July 24 2014 Latest news:
Thursday, September 27, 2012
The cost of recommissioning Rolle College so it can be transformed into a community hub has increased five-fold - to an estimated £2.5million.
But Roy Pryke, the chairman of Rolle Exmouth Limited (REL), a not-for-profit company set up by residents, is still confident that the financial gap can be bridged.
Today (Thursday) he will give a presentation to district council bosses in a bid to get their support.
However, if the money cannot be raised, the project to transform the former teacher training college into a community, education and business hub, could end before Christmas.
An upbeat Mr Pryke said: “Authoritative sources have informed us that the position we are in is by no means unusual at this stage of a complex project.
“They recognise that we have established a solid framework around which a variety of funding sources can be attracted to make the necessary level of investment.”
Currently REL is locked in discussions with ‘various sources’ to obtain the funding.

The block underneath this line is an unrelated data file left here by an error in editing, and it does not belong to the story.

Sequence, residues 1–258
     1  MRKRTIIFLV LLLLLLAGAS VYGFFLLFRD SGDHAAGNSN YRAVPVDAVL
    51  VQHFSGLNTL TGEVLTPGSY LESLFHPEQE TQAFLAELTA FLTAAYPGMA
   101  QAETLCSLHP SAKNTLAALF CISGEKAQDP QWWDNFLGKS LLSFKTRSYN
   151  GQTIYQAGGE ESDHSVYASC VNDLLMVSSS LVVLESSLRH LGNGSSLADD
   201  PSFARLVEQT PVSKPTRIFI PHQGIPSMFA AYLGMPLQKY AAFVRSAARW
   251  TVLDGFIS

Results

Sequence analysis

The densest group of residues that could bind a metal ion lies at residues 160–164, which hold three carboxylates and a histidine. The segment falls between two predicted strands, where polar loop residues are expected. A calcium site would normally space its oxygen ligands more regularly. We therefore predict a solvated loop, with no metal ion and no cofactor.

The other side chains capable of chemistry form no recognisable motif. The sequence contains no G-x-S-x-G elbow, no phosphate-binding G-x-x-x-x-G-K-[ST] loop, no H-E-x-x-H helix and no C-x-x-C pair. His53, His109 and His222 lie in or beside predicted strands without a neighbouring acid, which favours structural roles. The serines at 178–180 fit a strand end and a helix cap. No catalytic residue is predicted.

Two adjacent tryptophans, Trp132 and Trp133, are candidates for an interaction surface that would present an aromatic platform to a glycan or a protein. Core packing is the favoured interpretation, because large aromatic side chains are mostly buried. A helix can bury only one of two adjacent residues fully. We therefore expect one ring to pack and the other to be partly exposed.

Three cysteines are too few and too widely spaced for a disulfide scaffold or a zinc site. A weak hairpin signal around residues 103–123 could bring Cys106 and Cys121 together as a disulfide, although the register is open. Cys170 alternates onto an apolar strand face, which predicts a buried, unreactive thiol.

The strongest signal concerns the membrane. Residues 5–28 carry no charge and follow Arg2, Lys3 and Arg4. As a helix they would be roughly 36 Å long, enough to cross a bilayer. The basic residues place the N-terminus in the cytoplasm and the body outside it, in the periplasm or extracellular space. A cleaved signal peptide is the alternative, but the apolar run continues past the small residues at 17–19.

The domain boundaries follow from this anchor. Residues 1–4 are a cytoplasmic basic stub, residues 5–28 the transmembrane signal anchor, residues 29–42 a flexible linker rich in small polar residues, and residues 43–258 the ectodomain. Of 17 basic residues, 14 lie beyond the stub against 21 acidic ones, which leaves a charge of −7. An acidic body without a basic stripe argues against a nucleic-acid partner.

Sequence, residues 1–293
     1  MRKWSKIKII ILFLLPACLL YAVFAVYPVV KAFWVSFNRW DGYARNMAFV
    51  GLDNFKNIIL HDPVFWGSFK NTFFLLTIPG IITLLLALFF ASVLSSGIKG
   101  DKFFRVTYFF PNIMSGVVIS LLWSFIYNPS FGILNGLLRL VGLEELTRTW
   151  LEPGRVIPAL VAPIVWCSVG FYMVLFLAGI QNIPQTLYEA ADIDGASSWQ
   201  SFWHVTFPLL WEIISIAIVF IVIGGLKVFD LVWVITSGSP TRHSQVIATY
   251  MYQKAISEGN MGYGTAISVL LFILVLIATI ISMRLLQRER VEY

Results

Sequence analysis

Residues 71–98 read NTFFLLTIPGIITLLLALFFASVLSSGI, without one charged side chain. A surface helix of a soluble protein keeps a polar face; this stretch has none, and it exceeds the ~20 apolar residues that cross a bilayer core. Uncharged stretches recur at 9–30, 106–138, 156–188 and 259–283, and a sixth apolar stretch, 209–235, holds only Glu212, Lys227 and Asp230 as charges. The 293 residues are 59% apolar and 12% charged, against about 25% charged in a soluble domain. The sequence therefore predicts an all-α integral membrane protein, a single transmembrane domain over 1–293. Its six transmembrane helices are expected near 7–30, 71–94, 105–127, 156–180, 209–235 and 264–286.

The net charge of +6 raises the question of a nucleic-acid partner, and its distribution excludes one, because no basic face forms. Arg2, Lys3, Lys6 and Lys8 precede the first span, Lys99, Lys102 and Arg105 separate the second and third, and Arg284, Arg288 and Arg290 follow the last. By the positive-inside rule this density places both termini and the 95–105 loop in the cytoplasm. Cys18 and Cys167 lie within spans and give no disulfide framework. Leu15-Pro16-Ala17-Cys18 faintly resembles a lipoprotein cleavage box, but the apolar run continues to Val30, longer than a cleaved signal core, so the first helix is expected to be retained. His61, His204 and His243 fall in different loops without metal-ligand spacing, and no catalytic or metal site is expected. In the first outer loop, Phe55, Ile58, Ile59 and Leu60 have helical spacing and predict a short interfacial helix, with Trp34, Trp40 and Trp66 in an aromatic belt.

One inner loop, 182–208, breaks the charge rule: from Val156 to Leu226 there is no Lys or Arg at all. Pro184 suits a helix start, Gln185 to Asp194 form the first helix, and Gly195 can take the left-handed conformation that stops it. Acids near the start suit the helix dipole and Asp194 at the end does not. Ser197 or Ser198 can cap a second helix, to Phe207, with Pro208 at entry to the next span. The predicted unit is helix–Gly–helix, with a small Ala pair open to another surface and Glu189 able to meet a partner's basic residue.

It follows the results of a detailed survey of the four-acre site and its three main buildings, commissioned by REL.
The survey revealed that the deterioration of the buildings was worse than initially thought - and the cost of repairs could be almost as much as the purchase price.
They had been waiting for the results of the survey so they could sign the £3million deal with owners Plymouth University to rent and then buy the site.
A share issue last spring raised £117,000, which would have been used to start recommissioning the buildings in stages.
The plan was that rent accrued from each building would have helped pay for the next stage.
But now the directors say that they are unwilling to gamble with the community’s money until they can secure another source of funding. REL managing director Roger Staker said: “An investment of approximately £2.5million is required before the revenue flow can be established to make the business plan work.
“The problem is not of our making.
“Simply put, the current state of the buildings means that they are a long way from being useable.
“We are up against it. There is no disguising that.”
Mr Pryke said: “This is an exciting but complex project for the medium and long term, with major short-term challenges.
“Those challenges have to be overcome or there will be no medium and long term for Rolle and a once-only opportunity will have been lost.”
He continued: “We now have to take the important next step of developing the investment plan, which is required to draw in the necessary and substantial extra funding.
“We are taking steps in the next few weeks to obtain the professional support that is now needed.”